The Association of Convenience Stores is currently calling on Government to ensure that the rollout of EV charging points is conducted strategically.
The call comes as the ACS publishes its latest findings on the forecourt sector, which highlights the vital role that the UK’s forecourt shops play in their local communities - providing over 88,000 secure local jobs, access to essential services and taking time out of the business to support local projects.
The ACS believes that for many petrol forecourts, EV charging will be central to their offer to customers, but for some it will not be the right approach in that community.
In its submission for next week’s Budget it recommended the provision of funding for electric vehicle charging investment infrastructure on petrol forecourts and other on-the-go locations.
Other recommendations to government included: increasing and extending the Rapid Charging Fund beyond major road network and support grid connections to increase EV infrastructure takeup; industry-led implementation of EV charging infrastructure based on consumer demand, not arbitrary definitions of ‘large fuel retailers’; exemptions from mandatory provision of EV charging in car parks where costs are prohibitive or sites are too small.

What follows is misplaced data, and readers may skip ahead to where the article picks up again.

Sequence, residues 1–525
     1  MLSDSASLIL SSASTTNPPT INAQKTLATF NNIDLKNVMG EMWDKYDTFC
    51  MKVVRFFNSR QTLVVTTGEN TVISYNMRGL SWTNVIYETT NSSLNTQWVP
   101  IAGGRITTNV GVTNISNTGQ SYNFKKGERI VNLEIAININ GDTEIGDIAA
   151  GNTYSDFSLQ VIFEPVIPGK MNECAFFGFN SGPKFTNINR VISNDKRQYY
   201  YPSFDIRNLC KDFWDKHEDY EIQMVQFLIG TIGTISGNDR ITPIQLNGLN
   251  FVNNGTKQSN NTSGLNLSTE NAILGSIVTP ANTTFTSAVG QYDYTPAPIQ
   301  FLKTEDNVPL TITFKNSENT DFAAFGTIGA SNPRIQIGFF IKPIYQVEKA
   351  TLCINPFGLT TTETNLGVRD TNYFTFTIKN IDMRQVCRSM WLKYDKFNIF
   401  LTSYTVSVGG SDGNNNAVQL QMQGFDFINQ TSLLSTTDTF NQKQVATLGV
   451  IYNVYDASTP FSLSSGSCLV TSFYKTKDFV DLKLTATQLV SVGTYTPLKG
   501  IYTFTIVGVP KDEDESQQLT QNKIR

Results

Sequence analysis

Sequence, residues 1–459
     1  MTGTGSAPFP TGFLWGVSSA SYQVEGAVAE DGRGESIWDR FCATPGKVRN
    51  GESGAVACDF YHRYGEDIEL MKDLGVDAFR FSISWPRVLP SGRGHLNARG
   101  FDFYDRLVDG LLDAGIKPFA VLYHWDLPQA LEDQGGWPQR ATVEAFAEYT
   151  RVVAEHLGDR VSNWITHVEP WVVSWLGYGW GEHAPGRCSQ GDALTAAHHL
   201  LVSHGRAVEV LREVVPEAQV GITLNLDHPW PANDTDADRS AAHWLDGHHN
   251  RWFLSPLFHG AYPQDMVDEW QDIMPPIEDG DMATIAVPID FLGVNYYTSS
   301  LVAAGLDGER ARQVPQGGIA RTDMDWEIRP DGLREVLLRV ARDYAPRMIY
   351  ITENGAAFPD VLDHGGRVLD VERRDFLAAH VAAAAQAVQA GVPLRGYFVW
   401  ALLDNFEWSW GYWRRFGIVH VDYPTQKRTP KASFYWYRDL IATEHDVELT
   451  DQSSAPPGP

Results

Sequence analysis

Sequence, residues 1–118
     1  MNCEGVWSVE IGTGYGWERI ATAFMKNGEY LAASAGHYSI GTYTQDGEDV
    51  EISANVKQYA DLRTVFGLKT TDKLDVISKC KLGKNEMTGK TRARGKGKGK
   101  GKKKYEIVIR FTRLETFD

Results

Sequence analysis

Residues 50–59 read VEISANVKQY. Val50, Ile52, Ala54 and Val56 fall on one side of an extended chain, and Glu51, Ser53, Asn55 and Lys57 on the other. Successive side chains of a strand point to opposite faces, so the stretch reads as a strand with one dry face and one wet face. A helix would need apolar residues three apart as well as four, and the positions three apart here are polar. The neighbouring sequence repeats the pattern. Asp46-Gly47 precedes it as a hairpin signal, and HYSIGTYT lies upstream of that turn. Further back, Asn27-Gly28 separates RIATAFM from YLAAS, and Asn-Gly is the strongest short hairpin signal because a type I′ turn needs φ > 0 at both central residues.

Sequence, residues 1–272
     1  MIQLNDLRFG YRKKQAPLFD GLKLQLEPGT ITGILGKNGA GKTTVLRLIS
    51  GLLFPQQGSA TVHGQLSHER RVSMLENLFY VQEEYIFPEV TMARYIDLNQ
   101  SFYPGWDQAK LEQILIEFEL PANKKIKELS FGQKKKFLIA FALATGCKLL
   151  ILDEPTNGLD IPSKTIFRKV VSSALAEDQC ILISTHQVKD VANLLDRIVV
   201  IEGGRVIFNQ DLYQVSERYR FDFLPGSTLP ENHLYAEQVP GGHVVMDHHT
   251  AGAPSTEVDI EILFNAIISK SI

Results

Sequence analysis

In its 2021 Forecourt Report the ACS states that more than three quarters (76%) of independent forecourts have engaged in some form of community activity over the last year, not just through raising money for charity, but also by sponsoring local teams, being part of litter picks and other activities. One in five forecourts (20%) was involved with providing stock for food banks.
The ACS found that forecourt retailers were also more active than ever on social media, reaching their customers through engagement on platforms like Facebook (38% of retailers), Twitter (22%), Instagram (20%) and TikTok (13%).
Forecourt retailers have also continued to invest in their businesses, with independent forecourt owners spending around £16,000 on average per store over the past year – understandably significantly less than the previous year, pre-Covid, when they were investing around £24,000 per store.
ACS chief executive, James Lowman, said: “UK forecourts have demonstrated how essential they are to their communities throughout the pandemic, and especially in the past few months during the fuel supply chain issues. As we look ahead, we must ensure that the essential services that forecourts provide are recognised, and that they are incentivised to invest in new technology, alternative power options for vehicles, and improving their shop offer for customers.”
Other key findings from the report include:
- More than one in three independent forecourt operators (37%) took no days off over the past year
- Around one in four independent forecourts are open 24 hours
- 67% of forecourt shoppers drive to store versus 42% for standalone convenience shoppers
- There are around 305,000 PHEVs and 298,190 fully electric vehicles registered in the UK